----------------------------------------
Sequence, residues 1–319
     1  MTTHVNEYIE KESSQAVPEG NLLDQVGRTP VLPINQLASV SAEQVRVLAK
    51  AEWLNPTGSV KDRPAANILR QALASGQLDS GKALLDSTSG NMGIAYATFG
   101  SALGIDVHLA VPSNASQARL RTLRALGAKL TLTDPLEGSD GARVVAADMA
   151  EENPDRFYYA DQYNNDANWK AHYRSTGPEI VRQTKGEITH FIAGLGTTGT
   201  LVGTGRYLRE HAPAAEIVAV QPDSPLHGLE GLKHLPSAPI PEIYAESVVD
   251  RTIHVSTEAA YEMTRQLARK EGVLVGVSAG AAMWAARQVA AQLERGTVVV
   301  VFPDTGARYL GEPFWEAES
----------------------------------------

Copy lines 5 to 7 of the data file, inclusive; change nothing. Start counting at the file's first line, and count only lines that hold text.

   151  EENPDRFYYA DQYNNDANWK AHYRSTGPEI VRQTKGEITH FIAGLGTTGT
   201  LVGTGRYLRE HAPAAEIVAV QPDSPLHGLE GLKHLPSAPI PEIYAESVVD
   251  RTIHVSTEAA YEMTRQLARK EGVLVGVSAG AAMWAARQVA AQLERGTVVV